Sanctions provided by the applicable legislation may be of a monetary or non-monetary nature. The CNSF has the authority to impose fines deemed applicable in the event of a breach of the applicable regulation. In its imposition of fines, the CNSF will take into account the financial condition as well as the intention of the relevant person or entity involved. Such sanctions are imposed, among many other reasons, for:
- carrying out active insurance operations in the Mexican territory without having the corresponding authorisation issued by the CNSF;
- acting as an insurance intermediary pertaining to active insurance operations in the Mexican territory without having the corresponding authorisation issued by the CNSF;
- granting of bonds as a regular business without having the corresponding authorisation issued by the CNSF;
- offering reductions in premiums or granting benefits, or both, either by insurance/surety companies and/or insurance/surety agents, for purposes of maintaining an insurance or surety contract;
- failure by insurance and surety companies to comply with any of the control measures set forth in the Insurance and Surety Institutions Law or any other applicable laws;
- contracting with foreign surety companies bonds that guarantee obligations of natural persons or legal entities when the relevant obligation is to be complied with in the Mexican territory. There are certain exceptions to such prohibition; or
- contracting insurance with foreign insurance companies to cover risks that may occur in the Mexican territory. Again, there are certain exceptions to such prohibition.
The economic sanctions imposed by the CNSF may reach an amount of between approximately US$910 and US$455,000.
Non-monetary sanctioning powers and behaviour
In addition to the economic sanctions that can be imposed by the CNSF, prohibited activities may also carry the following non-monetary sanctions, among others: warnings; suspension; revocation of authorisations to operate as a carrier; prohibitions to carry out certain activities; and prison time, which can vary between three months and up to 15 years (eg, underwriting risks without being authorised by the CNSF will entail a term of imprisonment from three to 15 years).
Recent and upcoming developments
As is widely known, a United States-Mexico-Canada Agreement (UMSCA) is on course to replace the North America Free Trade Agreement (NAFTA), in effect for the three countries since 1994. The USMCA does not change the rule in the NAFTA under which investment from the US and Canada may hold a controlling stake in Mexican insurance and surety entities. While under the current regulation in Mexico, investment from countries with no treaty with Mexico may hold controlling stakes in Mexican carriers, certain practical benefits exist on the regulatory side when requesting an authorisation to be able to acquire a Mexican insurance and surety company.
Mexico also has had a treaty in effect with the European Union since October 2000 – the EU-Mexico Trade Agreement – of which the United Kingdom was a part. The EU-Mexico Trade Agreement also contains a series of provisions allowing investments in Mexican financial institutions from EU countries. With the United Kingdom leaving the EU, UK investors holding a controlling stake in Mexican insurance and surety entities have adopted a series of strategies to prevent this affecting the operation of their Mexican subsidiaries from a legal standpoint.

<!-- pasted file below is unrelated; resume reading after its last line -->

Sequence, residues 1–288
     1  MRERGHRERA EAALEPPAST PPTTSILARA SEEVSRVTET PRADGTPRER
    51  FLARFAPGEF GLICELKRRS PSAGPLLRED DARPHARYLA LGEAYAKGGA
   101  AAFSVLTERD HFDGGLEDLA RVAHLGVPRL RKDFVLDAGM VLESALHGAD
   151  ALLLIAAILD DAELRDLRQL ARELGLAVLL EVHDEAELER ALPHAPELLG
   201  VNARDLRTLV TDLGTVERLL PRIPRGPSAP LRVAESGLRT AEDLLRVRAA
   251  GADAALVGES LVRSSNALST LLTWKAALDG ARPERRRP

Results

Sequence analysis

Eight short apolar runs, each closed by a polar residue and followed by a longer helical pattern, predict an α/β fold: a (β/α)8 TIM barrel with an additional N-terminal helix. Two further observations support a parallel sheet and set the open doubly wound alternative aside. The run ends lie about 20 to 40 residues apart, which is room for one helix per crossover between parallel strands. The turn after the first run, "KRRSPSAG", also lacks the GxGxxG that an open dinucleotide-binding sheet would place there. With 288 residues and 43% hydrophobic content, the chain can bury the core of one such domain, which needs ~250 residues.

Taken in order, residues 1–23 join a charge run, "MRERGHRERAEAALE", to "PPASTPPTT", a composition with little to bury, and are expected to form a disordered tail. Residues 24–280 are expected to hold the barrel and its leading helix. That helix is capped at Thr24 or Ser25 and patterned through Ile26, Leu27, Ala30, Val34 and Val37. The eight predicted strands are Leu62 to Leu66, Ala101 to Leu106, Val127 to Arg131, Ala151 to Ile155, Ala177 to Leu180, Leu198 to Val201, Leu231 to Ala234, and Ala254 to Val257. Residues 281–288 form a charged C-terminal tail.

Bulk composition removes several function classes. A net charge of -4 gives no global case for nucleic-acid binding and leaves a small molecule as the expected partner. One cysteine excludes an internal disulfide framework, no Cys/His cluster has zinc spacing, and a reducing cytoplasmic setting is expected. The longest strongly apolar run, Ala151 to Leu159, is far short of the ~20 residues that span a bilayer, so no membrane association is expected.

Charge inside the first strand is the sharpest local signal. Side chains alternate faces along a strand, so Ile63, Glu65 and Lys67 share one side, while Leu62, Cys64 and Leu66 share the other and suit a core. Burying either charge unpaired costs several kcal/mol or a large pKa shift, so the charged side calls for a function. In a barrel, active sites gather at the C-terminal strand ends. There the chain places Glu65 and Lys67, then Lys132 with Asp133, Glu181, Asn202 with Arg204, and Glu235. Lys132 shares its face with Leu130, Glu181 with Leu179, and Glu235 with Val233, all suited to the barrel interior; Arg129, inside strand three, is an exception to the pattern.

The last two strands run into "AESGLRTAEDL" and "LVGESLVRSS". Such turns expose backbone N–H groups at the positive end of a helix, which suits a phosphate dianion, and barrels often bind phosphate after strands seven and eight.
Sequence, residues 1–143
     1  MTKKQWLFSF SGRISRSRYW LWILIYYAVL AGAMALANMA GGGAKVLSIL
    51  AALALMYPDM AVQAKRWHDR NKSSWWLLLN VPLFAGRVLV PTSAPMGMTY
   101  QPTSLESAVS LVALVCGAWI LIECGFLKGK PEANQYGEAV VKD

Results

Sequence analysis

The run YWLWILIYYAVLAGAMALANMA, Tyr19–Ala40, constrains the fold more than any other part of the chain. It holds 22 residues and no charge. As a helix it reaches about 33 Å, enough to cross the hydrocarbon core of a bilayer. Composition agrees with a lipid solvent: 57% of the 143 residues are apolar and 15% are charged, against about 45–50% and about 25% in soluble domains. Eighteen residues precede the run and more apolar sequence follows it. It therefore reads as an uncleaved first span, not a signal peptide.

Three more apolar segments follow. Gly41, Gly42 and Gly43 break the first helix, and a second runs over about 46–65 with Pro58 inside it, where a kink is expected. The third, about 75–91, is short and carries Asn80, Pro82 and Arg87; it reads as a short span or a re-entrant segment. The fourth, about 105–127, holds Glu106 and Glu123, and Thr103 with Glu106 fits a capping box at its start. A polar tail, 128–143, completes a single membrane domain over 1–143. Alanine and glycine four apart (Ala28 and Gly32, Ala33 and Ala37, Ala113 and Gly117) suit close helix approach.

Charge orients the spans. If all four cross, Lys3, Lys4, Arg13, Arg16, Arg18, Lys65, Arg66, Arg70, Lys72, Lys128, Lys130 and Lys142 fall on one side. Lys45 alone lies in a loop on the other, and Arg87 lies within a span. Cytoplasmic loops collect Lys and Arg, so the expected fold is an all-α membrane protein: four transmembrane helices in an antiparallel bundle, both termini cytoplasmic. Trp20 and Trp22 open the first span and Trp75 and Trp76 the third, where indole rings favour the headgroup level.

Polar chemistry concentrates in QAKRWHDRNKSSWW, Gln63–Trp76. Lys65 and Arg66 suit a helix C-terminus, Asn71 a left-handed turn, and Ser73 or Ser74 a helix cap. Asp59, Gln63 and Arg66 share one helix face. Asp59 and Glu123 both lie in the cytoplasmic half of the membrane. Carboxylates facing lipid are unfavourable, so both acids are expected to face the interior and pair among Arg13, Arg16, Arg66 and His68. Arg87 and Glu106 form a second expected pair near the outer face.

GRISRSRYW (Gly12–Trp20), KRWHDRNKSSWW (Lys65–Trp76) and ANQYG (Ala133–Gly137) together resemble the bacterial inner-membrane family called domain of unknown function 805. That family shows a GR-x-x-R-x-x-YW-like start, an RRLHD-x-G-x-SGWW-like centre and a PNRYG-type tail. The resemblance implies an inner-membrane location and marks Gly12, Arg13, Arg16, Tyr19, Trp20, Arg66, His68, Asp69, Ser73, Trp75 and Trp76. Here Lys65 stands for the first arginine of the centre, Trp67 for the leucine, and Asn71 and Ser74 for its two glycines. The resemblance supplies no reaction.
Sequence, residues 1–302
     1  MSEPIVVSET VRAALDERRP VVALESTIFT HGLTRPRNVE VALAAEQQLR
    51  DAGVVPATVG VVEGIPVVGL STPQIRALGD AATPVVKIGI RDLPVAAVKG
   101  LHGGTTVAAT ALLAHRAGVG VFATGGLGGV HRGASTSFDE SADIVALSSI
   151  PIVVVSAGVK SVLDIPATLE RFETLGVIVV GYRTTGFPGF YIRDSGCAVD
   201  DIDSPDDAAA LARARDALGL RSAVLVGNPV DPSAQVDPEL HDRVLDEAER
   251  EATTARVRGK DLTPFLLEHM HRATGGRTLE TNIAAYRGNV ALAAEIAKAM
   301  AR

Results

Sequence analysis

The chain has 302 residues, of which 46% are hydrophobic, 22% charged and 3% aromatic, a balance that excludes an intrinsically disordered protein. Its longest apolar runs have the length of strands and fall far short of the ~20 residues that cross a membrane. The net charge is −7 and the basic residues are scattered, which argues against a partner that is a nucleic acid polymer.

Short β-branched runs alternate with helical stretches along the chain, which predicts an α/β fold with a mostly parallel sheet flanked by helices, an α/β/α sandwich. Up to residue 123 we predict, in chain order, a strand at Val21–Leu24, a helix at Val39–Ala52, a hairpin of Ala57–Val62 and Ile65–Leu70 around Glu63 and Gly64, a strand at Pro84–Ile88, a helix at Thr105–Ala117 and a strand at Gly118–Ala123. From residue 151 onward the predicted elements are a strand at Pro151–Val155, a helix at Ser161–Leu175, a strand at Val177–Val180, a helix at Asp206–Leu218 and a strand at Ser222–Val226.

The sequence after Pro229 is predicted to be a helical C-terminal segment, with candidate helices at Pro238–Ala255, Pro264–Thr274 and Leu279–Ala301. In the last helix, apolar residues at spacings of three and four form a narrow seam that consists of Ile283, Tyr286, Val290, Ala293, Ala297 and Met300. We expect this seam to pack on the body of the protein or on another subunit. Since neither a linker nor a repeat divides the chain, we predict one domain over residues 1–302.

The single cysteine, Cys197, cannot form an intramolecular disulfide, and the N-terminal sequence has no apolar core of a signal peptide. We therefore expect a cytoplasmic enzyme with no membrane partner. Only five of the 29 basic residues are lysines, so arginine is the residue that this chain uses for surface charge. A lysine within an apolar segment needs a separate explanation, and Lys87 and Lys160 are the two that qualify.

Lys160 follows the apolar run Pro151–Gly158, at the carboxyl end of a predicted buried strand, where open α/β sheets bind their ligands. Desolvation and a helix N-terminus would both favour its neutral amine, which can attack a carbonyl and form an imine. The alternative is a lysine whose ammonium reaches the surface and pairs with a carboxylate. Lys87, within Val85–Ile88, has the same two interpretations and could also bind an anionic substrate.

Mexico’s insurance activity represents just 2.2% of Mexico’s GDP compared to the average of 8.9% in OECD countries (as of 2018), which evidences there is work to do to incorporate a larger portion of the population in these markets.
A steady increase in workload, coupled with financial constraints and less availability of human talent, sometimes causes the CNSF to operate at a slower pace in times when more dynamism is required from insurance and surety markets and participants.
Interacting with the regulator
The CNSF naturally interacts with insurance and surety carriers, mutual insurance companies, as well as with insurance and surety agents and brokers, but also with other participants in the field such as accounting firms (as they render services as external auditors for carriers), the Asociacion Mexicana de Instituciones de Seguros (Mexican Association of Insurers), the Asociacion Mexicana de Instituciones de Garantías (Mexican Association of Guarantee Institutions for surety companies) and legal professionals.
In recent times the leadership of the CNSF has renewed its aim to maintain the frank but always professional openness of its current officials to address the concerns of the insurance and surety markets, while at the same time fostering the purpose of the CNSF: to expand the reach of insurance and surety products to the less favoured.
Notes for foreign investors
As a result of entering into the NAFTA in January 1994 in North America (with the United States and Canada), and several other treaties entered into with other countries following on from the NAFTA, a controlling stake in Mexico’s insurance and surety market was open to foreign investment from countries holding a treaty with Mexico allowing for foreign investment to have a controlling participation in Mexican financial institutions. Due to a financial reform in early 2014, foreign investment intending to have a controlling stake in Mexican insurance and surety companies may now come from any country (whether it has a treaty with Mexico or not), provided that foreign and domestic investment in insurance and surety carriers shall obtain the prior consent of the CNSF when intending to acquire a 5% or greater stake in the relevant carrier, whether directly or indirectly, and whether individually or as a group.
Other regulators it works closely with
On a regular basis, the regulator works closely with the following authorities in Mexico:
- Secretaría de Hacienda y Crédito Público (SHCP): Ministry of Finance and Public Credit;
- Banco de México: Bank of Mexico;
- Comisión Nacional Bancaria y de Valores (CNBV): National Banking and Securities Commission;
- Comisión Nacional para la Protección y Defensa de los Usuarios de Servicios Financieros (CONDUSEF): National Commission of Protection and Defense of Financial Services Users; and
- Comisión Nacional del Sistema de Ahorro para el Retiro (CONSAR) National Commission of the Retirement Savings System.